Finally, the schwarzbier is one of those that could be a winter beer given some of its qualities, but it is not as alcoholic as the others. The name is an accurate — if literal —descriptor for this selection. (Schwarzbier is German for “black beer.”) Visual and olfactory contributions are what make this beer unique; strong roast and subtle smoke aromas complement the opaque color. If you closed your eyes, you might not be able to tell you were drinking something different than a pilsner or another clean-tasting lager.

Riggs Beer Company
1901 S High Cross Rd
Th + F 3 p.m. to 10 p.m.
Sa noon to 10 p.m.
Su noon to 8 p.m.

Four glasses of beer sit on a shiny, wooden bar. The first on the left is a medium brown with white foam, next is a dark beer with light foam, then a light beer with white foam, and last a dark beer with dark foam. All four glasses are in a black metal holder with thin, metal circles surrounding the middle of each glass. In the background, there are metal cylindrical brewery accessories. Photo by Jesus Barajas.

Blind Pig Brewery beers Samburro Chili Ale, Columbia Street Coffee Stout, Set pHAZErs to Stun, and 10th Anniversary Russian Imperial Stout. Photo by Jesus Barajas. 

The Blind Pig Brewery

The Blind Pig Brewery is always good for a few unique options that can’t be found anywhere else in town, and their winter beer selection is no different. At the bottom of the menu, but at the top of the list, is the 10th Anniversary Barrel Aged Imperial Stout. This is one with which to settle in for a long night. The beverage is viscous with aromas and initial flavors of molasses, chocolate, and freshly-baked bread. After some time, brown sugar, vanilla, and caramel emerge — some of which come from the whiskey barrels that housed the beer for ten months prior to kegging. 10th Anniversary is fermented with a Norwegian Kveik yeast, a traditional European yeast that is very forgiving of high-alcohol beers. It should impart a recognizable funk that saisons and other farmhouse beers are known for. If you were looking for it, you might find it underneath all the layers, but the beer’s complexity makes it hard to isolate. Many barrel-aged beers can taste hot and boozy, but not so with this one. It lets you know it is powerful (15% ABV) but in an enjoyable way.

Jalapeños can be harvested until the first frost so while not a typical winter beer, the Samburro Chili Ale, which features the spicy pepper, definitely fits in the season. The beer begins with a pungent smoke on the nose that should serve as a warning to the palate. Spice warms all the way down with each sip, lingering longer than expected from the menu’s description of a “hint of spicy heat.” Because the pepper is so pronounced, it is difficult to find other flavors in the beer. Set pHAZErs to Stun, a hazy IPA, serves as a good chaser to relieve the heat from the tongue.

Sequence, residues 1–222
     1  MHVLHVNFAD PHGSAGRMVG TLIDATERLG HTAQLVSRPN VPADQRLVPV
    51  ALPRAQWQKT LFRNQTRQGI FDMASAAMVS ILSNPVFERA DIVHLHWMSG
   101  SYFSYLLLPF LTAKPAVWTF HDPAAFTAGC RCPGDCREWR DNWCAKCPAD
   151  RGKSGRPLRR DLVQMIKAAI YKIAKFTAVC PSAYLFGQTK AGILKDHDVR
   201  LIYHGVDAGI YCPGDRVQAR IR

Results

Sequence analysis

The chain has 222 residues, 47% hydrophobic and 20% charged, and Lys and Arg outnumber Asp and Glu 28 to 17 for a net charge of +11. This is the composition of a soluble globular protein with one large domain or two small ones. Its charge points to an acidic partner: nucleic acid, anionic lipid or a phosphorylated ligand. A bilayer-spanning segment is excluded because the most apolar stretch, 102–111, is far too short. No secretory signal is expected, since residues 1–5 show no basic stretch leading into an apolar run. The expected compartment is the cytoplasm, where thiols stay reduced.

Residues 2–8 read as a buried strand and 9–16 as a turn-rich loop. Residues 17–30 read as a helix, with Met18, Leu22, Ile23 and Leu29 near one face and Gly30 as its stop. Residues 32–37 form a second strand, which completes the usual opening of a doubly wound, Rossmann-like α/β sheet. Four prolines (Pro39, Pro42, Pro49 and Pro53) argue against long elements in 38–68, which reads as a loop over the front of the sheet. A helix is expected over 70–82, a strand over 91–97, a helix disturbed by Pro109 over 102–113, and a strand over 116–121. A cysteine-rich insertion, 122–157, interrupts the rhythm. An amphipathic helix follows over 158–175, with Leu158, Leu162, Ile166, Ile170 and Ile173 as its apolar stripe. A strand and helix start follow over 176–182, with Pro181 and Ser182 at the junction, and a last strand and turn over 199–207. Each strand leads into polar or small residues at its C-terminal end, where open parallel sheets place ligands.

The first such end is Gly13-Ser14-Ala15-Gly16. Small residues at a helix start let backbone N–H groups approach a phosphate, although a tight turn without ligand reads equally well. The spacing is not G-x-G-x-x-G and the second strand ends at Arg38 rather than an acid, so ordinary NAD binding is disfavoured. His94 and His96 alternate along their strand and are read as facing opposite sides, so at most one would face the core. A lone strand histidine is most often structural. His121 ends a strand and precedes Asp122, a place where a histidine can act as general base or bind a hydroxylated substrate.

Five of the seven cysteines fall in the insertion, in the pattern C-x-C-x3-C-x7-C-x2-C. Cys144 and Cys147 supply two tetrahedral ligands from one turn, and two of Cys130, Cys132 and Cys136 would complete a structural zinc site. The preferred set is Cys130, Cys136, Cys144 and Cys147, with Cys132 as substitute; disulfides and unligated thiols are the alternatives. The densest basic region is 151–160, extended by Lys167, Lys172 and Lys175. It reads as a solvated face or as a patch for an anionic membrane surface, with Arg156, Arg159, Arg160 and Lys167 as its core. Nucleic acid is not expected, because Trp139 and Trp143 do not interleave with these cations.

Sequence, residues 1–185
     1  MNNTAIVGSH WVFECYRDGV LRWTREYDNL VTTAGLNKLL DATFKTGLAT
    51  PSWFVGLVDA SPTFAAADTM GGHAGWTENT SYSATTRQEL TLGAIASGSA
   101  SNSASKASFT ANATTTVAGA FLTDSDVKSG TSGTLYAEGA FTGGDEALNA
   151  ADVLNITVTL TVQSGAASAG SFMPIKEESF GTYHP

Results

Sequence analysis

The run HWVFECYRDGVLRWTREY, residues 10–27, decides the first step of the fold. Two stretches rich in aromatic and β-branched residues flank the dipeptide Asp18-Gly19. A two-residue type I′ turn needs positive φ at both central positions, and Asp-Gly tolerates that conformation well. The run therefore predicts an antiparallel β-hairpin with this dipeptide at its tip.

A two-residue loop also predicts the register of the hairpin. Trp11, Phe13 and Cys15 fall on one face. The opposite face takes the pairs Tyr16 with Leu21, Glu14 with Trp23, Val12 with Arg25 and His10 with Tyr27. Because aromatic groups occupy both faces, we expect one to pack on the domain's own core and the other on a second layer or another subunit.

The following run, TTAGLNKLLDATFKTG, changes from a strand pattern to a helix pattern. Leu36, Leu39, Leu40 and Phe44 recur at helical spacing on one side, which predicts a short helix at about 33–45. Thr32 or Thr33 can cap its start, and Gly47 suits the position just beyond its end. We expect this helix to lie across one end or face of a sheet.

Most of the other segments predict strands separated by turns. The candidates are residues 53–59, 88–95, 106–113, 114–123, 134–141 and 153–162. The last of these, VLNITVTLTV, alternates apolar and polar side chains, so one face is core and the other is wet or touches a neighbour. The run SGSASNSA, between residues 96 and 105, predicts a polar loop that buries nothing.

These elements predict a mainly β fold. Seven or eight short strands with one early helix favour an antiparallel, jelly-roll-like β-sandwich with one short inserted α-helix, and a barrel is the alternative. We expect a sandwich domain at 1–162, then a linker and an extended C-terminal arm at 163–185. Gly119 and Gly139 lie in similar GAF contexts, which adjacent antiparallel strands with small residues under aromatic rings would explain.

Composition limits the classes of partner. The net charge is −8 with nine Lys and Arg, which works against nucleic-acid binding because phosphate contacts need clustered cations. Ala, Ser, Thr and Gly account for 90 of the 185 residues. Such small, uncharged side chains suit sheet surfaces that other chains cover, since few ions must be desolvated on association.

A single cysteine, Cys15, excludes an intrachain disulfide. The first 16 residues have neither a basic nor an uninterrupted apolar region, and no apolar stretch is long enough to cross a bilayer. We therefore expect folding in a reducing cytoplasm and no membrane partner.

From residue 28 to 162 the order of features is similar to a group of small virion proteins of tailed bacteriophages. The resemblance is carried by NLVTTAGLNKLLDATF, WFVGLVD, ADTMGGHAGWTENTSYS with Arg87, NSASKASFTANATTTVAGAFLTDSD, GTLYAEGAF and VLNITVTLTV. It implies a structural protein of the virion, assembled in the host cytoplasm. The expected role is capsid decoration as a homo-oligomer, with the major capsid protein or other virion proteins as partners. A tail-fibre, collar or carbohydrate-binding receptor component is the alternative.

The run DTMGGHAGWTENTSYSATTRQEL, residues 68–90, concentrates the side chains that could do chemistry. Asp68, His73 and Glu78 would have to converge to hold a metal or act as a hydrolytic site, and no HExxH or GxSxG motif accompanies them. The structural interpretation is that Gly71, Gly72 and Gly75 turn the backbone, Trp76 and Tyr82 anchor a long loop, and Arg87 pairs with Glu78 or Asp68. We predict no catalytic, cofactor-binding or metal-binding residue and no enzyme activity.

The Blind Pig Brewery
120 N Neil St
3 p.m. to 2 a.m. daily

A glass holds a dark brown beer with an inch of foamy head. It is on a wooden table. In the background, there are empty wooden picnic tables with red strings of lights in the background on the left. Photo by Jesus Barajas.

25 O’Clock Brewing Company porter. Photo by Jesus Barajas.

25 O’Clock Brewing Company

On the night I visited 25 O’Clock Brewing Company, an Australian Shepherd puppy stood at the bar ahead of me in the line to order. He demanded not beer but treats and belly rubs, and could not understand why I didn’t reward him with food after he twice sat politely for me. (I didn’t have any.) Once he and his owners received what they were waiting for, they padded over to the corner of the tasting room where a television played a video of a log burning in a fireplace on loop. Both dog and people settled in for a cozy evening. The faux fireplace projected only imagined heat; I had to keep my winter coat on because the actual temperature in the taproom was cold.

All this is to say that sometimes winter and winter beer are what you make of them. There was nothing on the tap list at the brewery that would qualify as a true winter beer, but the porter came closest. It was on the lighter side of the style (4.9% ABV) with a subtle roast character and a less-pronounced malty sweet character. Hints of cocoa nibs hit the palate first, while gingerbread flavors pop out as the beer gets to room temperature. Underlying the grains are a hint of piney bitterness from the hops. Overall it was a good choice while wishing the projected flames could somehow emit warmth.

25 O’Clock Brewing Company
208 W Griggs St
W – F 5 p.m. to 11 p.m.
Sa 2 p.m. to 11 p.m.
Su 2 p.m. to 7 p.m.

Top image by Jesus Barajas.